Thursday, July 3rd, 2008
The IE8 team has created a blitz on its blog with a slew of posts on security. There is a ton of great stuff here, and is well worth going into detail on each post:
At first they set the scene:
This blog post frames our approach in IE8 for delivering trustworthy browsing. The topic is complicated enough that some context and even history (before we go into any particular feature) is important, and so some readers may find this post a bit basic as itâ€™s written for a wide audience. In previous posts here, weâ€™ve written about IE8 for developers: the work in standards support, developer tools, script performance, and more. In future posts, weâ€™ll write about IE8 for end-users (beyond the benefits of improved performance, activities, and Web Slices). This post starts a series about trustworthy browsing, a topic important for developers and end-users and everyone on the web. By setting the context and motivation with this post, the next posts that dive into the details of IE8 will build on this foundation.
Trustworthy refers to one of our overall goals: provide the most secure and most reliable browser that respects user choice and keeps users in control of their machine and their information. For reference, Microsoftâ€™s framework for Trustworthy Computing in general spans four areas: security, privacy, reliability, and business practices.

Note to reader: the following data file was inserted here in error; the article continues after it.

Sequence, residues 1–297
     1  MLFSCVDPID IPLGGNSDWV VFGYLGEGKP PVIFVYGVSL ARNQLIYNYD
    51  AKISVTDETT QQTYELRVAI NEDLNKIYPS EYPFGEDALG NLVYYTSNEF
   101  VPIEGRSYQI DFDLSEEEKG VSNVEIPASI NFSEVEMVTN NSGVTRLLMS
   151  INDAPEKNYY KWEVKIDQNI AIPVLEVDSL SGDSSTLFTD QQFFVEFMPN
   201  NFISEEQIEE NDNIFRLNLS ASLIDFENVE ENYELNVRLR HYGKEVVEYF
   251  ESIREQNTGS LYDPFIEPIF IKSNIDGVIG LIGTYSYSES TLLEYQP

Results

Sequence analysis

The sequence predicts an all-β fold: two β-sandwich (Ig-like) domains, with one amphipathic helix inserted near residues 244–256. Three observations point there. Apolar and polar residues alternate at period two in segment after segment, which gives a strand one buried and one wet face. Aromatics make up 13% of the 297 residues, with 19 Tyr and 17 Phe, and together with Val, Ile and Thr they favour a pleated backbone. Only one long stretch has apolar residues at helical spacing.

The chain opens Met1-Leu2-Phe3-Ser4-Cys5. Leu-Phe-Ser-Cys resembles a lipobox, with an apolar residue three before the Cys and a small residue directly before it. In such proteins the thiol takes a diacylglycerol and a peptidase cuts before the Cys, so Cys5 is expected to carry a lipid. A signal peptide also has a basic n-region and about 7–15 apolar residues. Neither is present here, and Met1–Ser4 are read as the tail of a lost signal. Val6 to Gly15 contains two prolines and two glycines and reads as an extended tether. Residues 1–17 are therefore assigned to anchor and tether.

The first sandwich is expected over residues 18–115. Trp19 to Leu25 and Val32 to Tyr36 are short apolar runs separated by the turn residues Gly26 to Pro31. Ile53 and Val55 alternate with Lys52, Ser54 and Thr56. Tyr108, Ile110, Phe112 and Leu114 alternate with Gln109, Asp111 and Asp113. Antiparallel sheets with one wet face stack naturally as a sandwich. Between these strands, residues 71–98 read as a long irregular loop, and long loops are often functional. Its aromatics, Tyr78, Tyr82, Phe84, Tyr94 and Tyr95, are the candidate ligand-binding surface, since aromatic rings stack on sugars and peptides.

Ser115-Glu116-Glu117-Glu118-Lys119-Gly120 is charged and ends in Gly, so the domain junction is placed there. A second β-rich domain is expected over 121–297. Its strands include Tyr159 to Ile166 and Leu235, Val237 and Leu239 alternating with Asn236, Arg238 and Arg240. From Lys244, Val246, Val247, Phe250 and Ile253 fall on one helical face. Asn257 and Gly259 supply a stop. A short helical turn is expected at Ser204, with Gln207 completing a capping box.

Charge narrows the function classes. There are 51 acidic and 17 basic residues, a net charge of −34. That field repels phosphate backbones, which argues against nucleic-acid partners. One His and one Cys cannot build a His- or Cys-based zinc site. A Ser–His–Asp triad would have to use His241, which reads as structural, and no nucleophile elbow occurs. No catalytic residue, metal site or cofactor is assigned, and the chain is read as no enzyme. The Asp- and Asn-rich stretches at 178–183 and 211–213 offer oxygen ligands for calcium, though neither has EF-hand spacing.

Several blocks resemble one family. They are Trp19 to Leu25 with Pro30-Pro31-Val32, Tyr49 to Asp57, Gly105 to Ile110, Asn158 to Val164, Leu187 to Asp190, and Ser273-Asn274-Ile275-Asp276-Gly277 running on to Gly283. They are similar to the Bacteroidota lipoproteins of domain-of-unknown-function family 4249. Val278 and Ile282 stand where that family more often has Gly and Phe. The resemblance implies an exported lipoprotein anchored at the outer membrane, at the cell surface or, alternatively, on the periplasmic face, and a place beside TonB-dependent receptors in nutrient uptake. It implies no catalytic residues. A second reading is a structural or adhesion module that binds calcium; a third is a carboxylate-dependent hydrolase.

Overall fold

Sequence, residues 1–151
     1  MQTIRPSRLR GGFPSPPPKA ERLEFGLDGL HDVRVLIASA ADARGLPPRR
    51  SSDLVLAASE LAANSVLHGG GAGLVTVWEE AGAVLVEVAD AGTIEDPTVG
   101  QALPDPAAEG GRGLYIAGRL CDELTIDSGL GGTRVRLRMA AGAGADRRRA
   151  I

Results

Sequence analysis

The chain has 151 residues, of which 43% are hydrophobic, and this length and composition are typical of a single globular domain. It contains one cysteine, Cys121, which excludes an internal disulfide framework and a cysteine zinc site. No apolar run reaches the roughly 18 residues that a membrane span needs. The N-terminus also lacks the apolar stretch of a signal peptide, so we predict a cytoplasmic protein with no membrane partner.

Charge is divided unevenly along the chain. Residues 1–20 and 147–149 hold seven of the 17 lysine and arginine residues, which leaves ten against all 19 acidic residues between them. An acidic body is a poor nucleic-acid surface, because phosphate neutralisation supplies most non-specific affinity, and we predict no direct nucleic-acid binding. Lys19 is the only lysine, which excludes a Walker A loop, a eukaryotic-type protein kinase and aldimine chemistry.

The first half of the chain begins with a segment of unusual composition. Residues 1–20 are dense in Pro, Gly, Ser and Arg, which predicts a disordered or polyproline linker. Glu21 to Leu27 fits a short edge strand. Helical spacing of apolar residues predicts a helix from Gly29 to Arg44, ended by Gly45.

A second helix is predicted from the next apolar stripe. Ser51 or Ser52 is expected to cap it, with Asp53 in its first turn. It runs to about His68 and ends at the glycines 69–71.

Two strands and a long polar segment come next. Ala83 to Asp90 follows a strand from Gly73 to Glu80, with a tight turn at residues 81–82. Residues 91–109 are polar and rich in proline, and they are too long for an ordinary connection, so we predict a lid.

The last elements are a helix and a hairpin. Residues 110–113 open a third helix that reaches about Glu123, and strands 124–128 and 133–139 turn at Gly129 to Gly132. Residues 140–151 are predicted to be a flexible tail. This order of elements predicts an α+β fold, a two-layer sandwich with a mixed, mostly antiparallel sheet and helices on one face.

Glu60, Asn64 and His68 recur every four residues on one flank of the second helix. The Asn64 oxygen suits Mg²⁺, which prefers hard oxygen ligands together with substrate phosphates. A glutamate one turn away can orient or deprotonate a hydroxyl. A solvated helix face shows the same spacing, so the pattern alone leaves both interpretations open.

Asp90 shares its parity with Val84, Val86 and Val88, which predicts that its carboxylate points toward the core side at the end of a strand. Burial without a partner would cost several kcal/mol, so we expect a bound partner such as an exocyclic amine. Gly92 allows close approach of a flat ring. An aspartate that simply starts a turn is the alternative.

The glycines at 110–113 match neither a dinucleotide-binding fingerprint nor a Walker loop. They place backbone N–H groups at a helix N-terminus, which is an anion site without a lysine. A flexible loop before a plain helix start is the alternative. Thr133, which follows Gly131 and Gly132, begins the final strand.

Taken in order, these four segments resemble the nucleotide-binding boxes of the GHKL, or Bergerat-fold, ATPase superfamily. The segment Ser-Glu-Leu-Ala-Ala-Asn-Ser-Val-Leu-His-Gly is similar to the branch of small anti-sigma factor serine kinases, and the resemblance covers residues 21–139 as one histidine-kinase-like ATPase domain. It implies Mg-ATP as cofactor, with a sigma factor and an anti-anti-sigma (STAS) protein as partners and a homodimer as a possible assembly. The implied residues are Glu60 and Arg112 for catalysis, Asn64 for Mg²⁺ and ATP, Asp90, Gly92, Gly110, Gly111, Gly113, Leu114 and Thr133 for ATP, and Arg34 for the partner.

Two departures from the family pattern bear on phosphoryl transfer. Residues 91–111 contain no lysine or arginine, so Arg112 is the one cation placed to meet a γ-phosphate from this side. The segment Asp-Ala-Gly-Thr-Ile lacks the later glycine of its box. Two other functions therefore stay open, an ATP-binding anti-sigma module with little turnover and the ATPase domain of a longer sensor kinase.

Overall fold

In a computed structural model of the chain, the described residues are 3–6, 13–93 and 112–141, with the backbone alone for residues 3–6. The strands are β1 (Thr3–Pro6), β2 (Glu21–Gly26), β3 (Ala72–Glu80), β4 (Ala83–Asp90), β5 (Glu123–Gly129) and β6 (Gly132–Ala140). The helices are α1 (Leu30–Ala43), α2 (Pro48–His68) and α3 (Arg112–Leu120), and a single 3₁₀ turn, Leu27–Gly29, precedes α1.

For Internet Explorer 8, weâ€™ve built upon the success of the Phishing Filter feature (which blocks over a million phishing attacks weekly) to develop the SmartScreenÂ® Filter, a replacement that improves upon the Phishing Filter in a number of important ways:
- Improved user interface
- Faster performance
- New heuristics & enhanced telemetry
- Anti-Malware support
- Improved Group Policy support
The XSS Filter operates as an IE8 component with visibility into all requests / responses flowing through the browser. When the filter discovers likely XSS in a cross-site request, it identifies and neuters the attack if it is replayed in the serverâ€™s response. Users are not presented with questions they are unable to answer â€“ IE simply blocks the malicious script from executing.
With the new XSS Filter, IE8 Beta 2 users encountering a Type-1 XSS attack will see a notification.
As we were planning Internet Explorer 8, our security teams looked closely at the common attacks in the wild and the trends that suggest where attackers will be focusing their attention next. While we were building new Security features, we also worked hard to ensure that powerful new features (like Activities and Web Slices) minimize attack surface and donâ€™t provide attackers with new targets. Out of our planning work, we classified threats into three major categories: Web Application Vulnerabilities, Browser & Add-on Vulnerabilities, and Social Engineering Threats. For each class of threat, we developed a set of layered mitigations to provide defense-in-depth protection against exploits.
Posted by Dion Almaer at 10:58 am